U.S. Water News Online
PHNOM PENH, Cambodia -- The increased use of highly toxic
chemicals in gold mining could cause serious environmental damage and
health hazards in the Cambodian countryside, a report has warned.
The report, titled "Small-scale gold mining in Cambodia," was
jointly produced by the government's Ministry of Industry and Oxfam
Traditionally, only sluicing and panning were used in Cambodia to
process gold ore, the report said.
"However, as the gold mining sector has developed both in size and
technology, chemical extraction techniques that can recover lower
concentrations of gold have been increasingly adopted," it said.
Use of toxic mercury and cyanide are the two most common
techniques at many of the 19 known gold deposits in Cambodia, the
It warned that the chemicals "hold great potential to pollute
surface and groundwater resources" on which fish and villagers
The report cited a case of cyanide poisoning in a river in
northeastern Cambodia caused by mining operations early this year. It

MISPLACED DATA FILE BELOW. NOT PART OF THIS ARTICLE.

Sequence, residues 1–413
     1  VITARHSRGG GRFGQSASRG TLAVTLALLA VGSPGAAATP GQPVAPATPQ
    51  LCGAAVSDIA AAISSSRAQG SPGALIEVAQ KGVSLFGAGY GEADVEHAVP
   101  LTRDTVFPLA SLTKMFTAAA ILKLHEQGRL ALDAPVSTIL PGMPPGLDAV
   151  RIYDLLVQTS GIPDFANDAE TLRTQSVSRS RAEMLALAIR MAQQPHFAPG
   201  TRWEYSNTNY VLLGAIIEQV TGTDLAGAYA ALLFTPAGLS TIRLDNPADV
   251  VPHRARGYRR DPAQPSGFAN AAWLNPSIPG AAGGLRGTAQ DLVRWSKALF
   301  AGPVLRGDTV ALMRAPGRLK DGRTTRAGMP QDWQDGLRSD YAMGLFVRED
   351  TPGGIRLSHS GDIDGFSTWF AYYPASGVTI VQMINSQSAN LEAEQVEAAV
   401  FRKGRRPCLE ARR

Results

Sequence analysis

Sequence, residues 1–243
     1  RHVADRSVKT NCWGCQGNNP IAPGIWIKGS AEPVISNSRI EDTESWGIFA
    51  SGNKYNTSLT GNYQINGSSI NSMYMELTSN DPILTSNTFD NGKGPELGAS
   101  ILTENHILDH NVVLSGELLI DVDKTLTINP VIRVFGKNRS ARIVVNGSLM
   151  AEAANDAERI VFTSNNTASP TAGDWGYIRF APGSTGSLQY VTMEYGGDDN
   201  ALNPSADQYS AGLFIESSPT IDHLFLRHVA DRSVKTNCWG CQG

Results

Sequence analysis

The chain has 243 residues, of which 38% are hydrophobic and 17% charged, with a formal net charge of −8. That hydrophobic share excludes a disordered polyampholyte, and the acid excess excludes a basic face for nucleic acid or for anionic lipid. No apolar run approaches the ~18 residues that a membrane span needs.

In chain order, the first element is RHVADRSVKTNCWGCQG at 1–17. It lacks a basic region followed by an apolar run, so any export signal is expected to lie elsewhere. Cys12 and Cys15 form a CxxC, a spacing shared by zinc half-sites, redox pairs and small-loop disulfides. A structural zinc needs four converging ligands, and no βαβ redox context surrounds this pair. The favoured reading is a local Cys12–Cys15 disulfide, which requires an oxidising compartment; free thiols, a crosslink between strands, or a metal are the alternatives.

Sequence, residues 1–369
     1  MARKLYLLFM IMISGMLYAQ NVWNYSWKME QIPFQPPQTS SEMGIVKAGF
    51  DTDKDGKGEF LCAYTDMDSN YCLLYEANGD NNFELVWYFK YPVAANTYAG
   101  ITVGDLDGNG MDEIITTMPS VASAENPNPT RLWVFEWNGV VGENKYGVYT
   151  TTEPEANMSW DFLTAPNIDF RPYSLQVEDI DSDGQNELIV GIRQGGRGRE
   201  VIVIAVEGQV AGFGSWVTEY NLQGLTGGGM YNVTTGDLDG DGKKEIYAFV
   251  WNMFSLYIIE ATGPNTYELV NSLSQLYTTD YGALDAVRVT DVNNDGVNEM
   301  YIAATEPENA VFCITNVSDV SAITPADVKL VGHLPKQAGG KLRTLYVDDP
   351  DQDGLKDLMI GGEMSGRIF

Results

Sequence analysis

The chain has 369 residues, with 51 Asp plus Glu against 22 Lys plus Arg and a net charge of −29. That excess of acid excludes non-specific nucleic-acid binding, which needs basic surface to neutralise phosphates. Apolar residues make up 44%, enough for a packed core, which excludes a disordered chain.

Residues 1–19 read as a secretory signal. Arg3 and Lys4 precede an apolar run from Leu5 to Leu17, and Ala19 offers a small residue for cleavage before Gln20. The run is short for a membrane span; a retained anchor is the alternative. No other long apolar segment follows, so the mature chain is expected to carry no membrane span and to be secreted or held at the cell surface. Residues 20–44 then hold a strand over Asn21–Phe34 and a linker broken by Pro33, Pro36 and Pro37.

said many fish and cattle died and some villagers fell sick after
drinking the tainted water.
The report said the problems are caused by a lack of government
enforcement and a failure by mining companies to abide by the terms
of their contracts to protect the environment.
There are 5,000 to 6,000 people working as gold miners during the
peak mining season, which runs from November to May. Most are
unskilled migrant workers who earn $1.50 to $2.50 per day.
The workers are also exposed to serious health risks because of a
lack of protective gear and poor training in storing, using and
disposing of mercury and cyanide, it said.
The report said gold mining has also led to deforestation and a
disappearance of wildlife.
"Once forests are felled, agricultural soils destroyed, wildlife
hunted, and water resources polluted, it is difficult and expensive
to remediate the damage," it said.
The report called on the government to demand that mining
companies adopt better operating standards and take more
responsibility for safety, health and environmental issues.
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